Presto! No odour, no mess.
Lick the rest off your finger or smear it on your face as a moisturizer.
Patricia Meyer Watt, RNCP
I am writing about the fact that Hey Good Cooking was not included in your top 25 vegetarian restaurants (NOW, August 11-17). It has been around since 1987-88, so I'm confused about why it wasn't included. Hey Good Cooking's low prices should be taken into account. Not everybody, and especially your readers, can afford $25-$35 a plate (not including drinks). Just because a restaurant is new doesn't mean it's better. If anything, the ones that have stuck it out deserve the acclaim.
Lost Embrace, lost in shuffle
If Deirdre Swain knew a little bit more about cinema she would realize that Lost Embrace (NOW, August 11-17) was filmed according to the protocol of Dogma 95 that moviemakers like Lars von Trier helped develop. Von Trier won the Palme d'Or at Cannes for Dancer In The Dark and was the brain behind Breaking The Waves. Perhaps knowing that would help Swain find the hand-held camera less "nauseating." Other movies labelled excellent and recommended by NOW with "nauseating" camera movement: The Idiots, Celebration.
Desperately seeking swinger
RE Swinging In New Orleans, by Sonya Cote (NOW, August 11-17). Hey, Sonya, where do I find a woman like you? Love to go to swingers club but haven't found woman who will go with me. I would have loved to be your b/f and watch you with others, then join in. Your b/f is sooooo lucky.
Drinking Bush's bathwater
RE Not An Outlaw Here (NOW, August 4-10). Hugo Chavez, the president of Venezuela, recently kicked the Drug Enforcement Administration out of Venezuela, saying "the DEA's war on drugs has nothing to do with actually shutting down the business, but is rather part of a strategy of political intervention in Latin American affairs." It is clear that the DEA vendetta regarding Marc Emery is also a political intervention. If Venezuelans can have a government that looks after their sovereignty, why are we in Canada stuck with politicians who so much enjoy the flavour of George Bush's bathwater?
Port Alberni, British Columbia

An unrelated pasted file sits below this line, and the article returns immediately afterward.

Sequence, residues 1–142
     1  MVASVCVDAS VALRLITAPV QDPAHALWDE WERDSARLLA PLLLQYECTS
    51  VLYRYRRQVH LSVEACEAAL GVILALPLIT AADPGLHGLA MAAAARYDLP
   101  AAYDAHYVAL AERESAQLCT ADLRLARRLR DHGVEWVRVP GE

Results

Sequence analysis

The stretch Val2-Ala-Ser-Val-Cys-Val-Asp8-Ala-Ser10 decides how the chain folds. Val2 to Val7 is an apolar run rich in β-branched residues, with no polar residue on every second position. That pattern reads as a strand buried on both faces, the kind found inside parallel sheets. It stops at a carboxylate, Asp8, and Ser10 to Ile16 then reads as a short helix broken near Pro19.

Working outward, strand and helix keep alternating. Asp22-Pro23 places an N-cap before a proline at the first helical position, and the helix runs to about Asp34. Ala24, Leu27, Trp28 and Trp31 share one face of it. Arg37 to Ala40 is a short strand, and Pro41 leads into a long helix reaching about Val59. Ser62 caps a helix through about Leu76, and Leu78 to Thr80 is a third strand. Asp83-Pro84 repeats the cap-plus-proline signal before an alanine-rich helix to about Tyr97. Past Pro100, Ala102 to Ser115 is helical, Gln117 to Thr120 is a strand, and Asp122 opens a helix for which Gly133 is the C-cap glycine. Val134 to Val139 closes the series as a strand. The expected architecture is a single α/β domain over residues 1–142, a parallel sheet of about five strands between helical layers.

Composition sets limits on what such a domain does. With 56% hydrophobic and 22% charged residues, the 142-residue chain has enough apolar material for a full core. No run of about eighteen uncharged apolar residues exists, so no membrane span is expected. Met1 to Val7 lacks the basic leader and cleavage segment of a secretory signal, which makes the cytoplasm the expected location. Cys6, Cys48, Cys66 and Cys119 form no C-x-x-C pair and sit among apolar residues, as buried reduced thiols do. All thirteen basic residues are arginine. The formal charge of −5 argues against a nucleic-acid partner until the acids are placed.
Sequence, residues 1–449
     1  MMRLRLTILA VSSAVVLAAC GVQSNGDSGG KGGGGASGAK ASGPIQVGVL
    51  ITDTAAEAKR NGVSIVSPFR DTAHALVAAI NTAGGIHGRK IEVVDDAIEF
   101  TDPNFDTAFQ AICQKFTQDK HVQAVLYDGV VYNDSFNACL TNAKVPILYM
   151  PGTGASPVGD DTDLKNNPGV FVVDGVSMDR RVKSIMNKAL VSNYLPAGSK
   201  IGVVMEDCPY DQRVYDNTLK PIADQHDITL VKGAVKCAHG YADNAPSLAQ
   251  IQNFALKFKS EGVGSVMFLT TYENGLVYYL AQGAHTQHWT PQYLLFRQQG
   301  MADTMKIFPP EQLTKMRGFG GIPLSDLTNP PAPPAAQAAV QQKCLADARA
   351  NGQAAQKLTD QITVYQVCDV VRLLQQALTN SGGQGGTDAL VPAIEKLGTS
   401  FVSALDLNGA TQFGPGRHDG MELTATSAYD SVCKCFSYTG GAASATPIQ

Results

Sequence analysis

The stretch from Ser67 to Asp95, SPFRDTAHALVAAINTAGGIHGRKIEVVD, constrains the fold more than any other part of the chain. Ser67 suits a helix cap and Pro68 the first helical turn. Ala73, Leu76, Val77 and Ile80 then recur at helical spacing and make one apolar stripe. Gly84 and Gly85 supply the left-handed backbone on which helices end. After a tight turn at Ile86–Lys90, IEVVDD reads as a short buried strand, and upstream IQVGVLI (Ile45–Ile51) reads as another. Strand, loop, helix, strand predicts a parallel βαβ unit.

Afghan angst misplaced
Will Kandahar become Canada's Iraq? (NOW, July 28-August 3). No, probably not. Only 120-odd Americans and NATO soldiers have been killed by hostile fire in Afghanistan since 2001, and no Canadians have died in more than 16 months - and it isn't because Afghans see us as an oppressive colonial occupier. As bizarre as it may seem to guilt-stricken Western leftists, most Afghans remember all too well what life was like under the Soviets, the warlords and the Taliban and are more than willing to accept foreign soldiers if it means a better hope for long-term peace. Ever wonder why over 2 million refugees have returned to Afghanistan in the last three years?
Church's condo cash-in
All of us who value our architectural heritage are in your debt for your fine coverage of the threatened St. Stephen-in-the-Fields Church (NOW, July 28-August 3). Unfortunately, this is only the latest episode in a dismal saga in the Anglican diocese's dealing with heritage properties. A few years ago, the authorities at St. James Cathedral tried to sell off a sizable portion of the church site for a towering condo. Only the efforts of a small minority of parishioners and community activists got the proposed behemoth moved across the street. Then, last year, the diocese dissolved the struggling St. Mary of the Virgin, one of the finest churches designed by Eden Smith, and sold it off. It is now slated for conversion into a condo. The province should act now to stop religious denominations from reaping windfall profits by selling off to developers assets that they received from the state and generous believers for charitable use.
Fringe on time
In response to Don Berns's letter, Fringe Afoul (NOW, July 28-August 3), in which he suggests, among other things, "letting latecomers in during scene breaks" at the Fringe. I suggest that he take some personal responsibility and get a watch (preferably the non-chiming type).